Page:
UTENSILS FOR RIPENING CREAM. [Newspaper Article] — Terang Express — 6 January 1914
UTENSILS FOR RIPENING CREAM. The most suitable utensils in which to ripen cream satisfactorily are those made of glazed earthenware or enam elled iron. This kind of vessel can be cleaned easily, and will not in jure iue cream. Tin or galvanised vessels are acted upon by the acid in the cream, and thus they become tainted with a kind of metallis flavor.
DAIRYING. THE COW YARD. [Newspaper Article] — Terang Express — 6 January 1914
DAIRYING. THE COW YARD. Under usual conditions, the cow yard is a serious handicap to good aarry products, it siiouid be set up on t well-drained piece of land with ilie- slope away irom the milking shed and dairy. The use oi gravel is to be recommended, aud some have employed concrete to make sure that the cows are kept away from mud and lilth. The yard should be kept clean, and the manure removed promptly and conserved at some con siderable distance from the millung shed or dairy premises. This pre caution will also greatly help in keep ing down the number of liies. The practice of milking in unsuitable sur roundings is possibly doing more to retard progress in dairying than any other existing custom.
COWS HARD TO MILK. [Newspaper Article] — Terang Express — 6 January 1914
COWS HARD TO MILK. There are two methods ol' treating tiie haru-milking cow. One is to use teat plugs or diiaters. They are mereiy plugs inaue so that tney may he inserted in the end ol' the teat, where they remain between milking periods. The reason a cow milks Hard is because the sphincter muscle, which contracts the end of the teat, is rigid. The teat plugs remaining in tne teat between milking hours have a tendency gradually to distend and dilate this muscle in such a way that the cow eventually becomes easy to milk. The second method is to cut the teats, Ihus weakening the sphincter muscle This is accomplished by a teat-splitter, an instrument c/iat is in serted into the-teat. By pressing the end, small knives are pressed out in such a way that when the teat-split ter is withdrawn the muscle is sever ed. There is really no reason why one should utilise his time with hard milkers when by use of these inex pensive instruments they ni.iy be ren dered easy milkers. One precaution t...
CULTIVATION AND BACTERIA. [Newspaper Article] — Terang Express — 6 January 1914
CULTIVATION AND BACTERIA. I Proper cultivation of the soil in creases the nitrifying bacteria, and this, in turn, increases productive ness—a most important consideration to the farmer. The knowledge of bac teria and their work is recent and limited; there are many in kind, and in spite of the amount of work done, scientists are only in the midst of iheir discovery. The practical far mer does well to let bacteriologists monopolise interest in the whole subject, except in so far as he can provide some conditions that have been demonstrated to be profitable. The work of bacteria, hoever, must come more and more into considera tion by the farmer, because Nature uses them to produce a vast amount of the change that is going on around us. In the consideration of the na- j ture of legumes, we must take into , account the bacteria which they have j associated with them, and through I which they obtain the atmospheric ■ nitrogen. It is true that bacteria must I have favorable conditions tha...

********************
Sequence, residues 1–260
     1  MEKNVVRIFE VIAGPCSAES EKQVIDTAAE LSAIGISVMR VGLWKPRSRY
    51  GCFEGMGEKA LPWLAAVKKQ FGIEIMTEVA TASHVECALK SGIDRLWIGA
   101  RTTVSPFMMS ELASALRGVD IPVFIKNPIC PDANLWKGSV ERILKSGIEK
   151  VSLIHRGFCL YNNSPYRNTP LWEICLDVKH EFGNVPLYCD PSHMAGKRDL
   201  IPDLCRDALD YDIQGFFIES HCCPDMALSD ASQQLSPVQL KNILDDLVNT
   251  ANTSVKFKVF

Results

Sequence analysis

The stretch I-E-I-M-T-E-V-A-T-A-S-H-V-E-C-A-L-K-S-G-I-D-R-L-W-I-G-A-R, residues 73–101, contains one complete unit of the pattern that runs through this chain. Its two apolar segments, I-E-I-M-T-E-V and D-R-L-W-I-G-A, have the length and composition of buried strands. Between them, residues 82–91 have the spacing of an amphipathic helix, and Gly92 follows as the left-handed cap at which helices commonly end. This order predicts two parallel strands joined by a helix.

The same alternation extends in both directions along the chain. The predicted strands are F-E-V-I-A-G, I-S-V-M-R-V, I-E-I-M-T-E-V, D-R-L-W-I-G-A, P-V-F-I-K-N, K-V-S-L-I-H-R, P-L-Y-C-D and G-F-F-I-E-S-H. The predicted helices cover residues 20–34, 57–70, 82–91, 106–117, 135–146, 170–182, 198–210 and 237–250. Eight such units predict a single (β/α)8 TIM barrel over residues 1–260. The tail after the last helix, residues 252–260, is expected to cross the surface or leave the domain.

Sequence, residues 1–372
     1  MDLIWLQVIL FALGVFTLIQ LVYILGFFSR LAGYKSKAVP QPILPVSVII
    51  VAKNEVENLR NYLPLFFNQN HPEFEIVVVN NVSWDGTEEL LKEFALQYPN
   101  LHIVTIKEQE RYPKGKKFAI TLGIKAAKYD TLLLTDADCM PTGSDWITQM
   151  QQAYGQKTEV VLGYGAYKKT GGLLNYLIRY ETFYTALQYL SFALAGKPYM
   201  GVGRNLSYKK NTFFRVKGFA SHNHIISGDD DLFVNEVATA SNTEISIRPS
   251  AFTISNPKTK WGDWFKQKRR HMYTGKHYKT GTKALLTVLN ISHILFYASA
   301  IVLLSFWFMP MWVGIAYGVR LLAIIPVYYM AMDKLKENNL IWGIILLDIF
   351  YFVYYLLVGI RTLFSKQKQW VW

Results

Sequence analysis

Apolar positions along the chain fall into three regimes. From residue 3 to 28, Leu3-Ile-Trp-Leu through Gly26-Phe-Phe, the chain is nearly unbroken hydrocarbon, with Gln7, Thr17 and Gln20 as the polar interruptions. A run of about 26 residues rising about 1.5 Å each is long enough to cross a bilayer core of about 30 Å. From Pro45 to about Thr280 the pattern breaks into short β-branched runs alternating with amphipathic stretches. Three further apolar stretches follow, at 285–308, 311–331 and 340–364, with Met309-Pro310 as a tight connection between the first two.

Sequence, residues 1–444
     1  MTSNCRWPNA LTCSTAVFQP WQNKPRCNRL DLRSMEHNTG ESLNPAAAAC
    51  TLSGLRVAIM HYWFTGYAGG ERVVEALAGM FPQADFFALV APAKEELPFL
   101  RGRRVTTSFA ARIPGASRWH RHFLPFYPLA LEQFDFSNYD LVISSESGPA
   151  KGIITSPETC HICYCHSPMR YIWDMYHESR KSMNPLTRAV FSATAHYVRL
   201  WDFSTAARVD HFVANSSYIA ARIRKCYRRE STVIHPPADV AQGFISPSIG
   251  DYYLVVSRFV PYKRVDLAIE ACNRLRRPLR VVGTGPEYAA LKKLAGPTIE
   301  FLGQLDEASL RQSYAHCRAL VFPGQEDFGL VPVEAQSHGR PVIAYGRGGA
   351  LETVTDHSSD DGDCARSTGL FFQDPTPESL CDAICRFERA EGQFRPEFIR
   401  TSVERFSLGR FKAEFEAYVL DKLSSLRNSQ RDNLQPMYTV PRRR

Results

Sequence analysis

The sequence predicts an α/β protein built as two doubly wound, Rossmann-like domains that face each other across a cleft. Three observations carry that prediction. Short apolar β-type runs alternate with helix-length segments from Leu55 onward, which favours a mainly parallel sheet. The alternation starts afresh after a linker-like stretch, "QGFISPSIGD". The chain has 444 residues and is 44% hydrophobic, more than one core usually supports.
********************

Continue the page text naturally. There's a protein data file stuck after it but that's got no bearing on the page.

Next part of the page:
WHEN TESTING MILK. [Newspaper Article] — Terang Express — 6 January 1914
WHEN TESTING MILK. The apparatus for testing inilk fchould be kept on a lead-covered table, as the acid used in carrying out the Gerber test has not any effect I upon lead. If any sulphuric acid gets spilled 011 wood, the wood gets burn ed up. Always keep the stopper in the sulphuric acid bottle, otherwise the acid will absorb the moisture from the air, and thus become weak ened. Everything comes to him who waits, but .hustle well while you are wait ing.
Advertising [Newspaper Article] — Terang Express — 6 January 1914
STONE and CO. (Res&lt;*.)» ROBERT SCHULTE, Proprietor. WHOLESALE MEAT SALESMAN, METROPOLITAN MHAT MARKET, NORTH MELBOURNE. Are open to Roceivo Carcase Porl; and Veal Any Day During the Week Sales Dally. Highest Prices R»allaed Latest Cold Storage Chamber*. Prompt Account (Sales. Correapondenco Id Tited. See our Woekly Reports 1h Mar&et Reports. Do you know that many of your Suits which appear to you to b« worn out would, if sent to me, bt returned looking almost as fresh as when they arrived from the tailor*!, Sand the cost, when compared with that of a new Suit would be infini tesimal. I can clean your Suits, gj Overcoats, Vests and Hats, or if 5 they are faded can dye them, liy Hi process does not sooil the shape, «r shrink any garment. The cost is most reasonable — Suits from 5/9: Overcoats from 4/#. ^ On all orders over 10/-, I pay freight one way. J parcel. Send ra« a trial Art »f by time,' detailed cut, a*d thowinf ty ficturee and deicriptiom tht new prectsicra...
Advertising [Newspaper Article] — Terang Express — 6 January 1914
A True Story. Writing from Bamawm, Vic., Mr. William John Youill, late of Harvey town, Eaglehawk, Vic., says: "In re gard to the statement I gave you some years ago as to my cure of kidney complaint, I may say that a short time since I had occasion to be medi cally examined and was entirely free from any complaint." Mr. Youill's original statement was as follows: "I feel it a duty I owe to you and to suf fering humanity to send you this let ter, in the earnest hope that others who may be suffering as 1 was from that dread complaint, Bright's Disease af the Kidneys, nay take courage and learn from my experience to adopt the same method of treatment that 1 did, feeling sure that by so doing they will be saved much pain and misery, aud, perhaps, an early grave. This may seem to some a remarkable statement to make, but it can be substantiated by anyone who will take the trouble co inquire for themselves from me or ol' my friends who were with me at the time. Despite all the skill and at...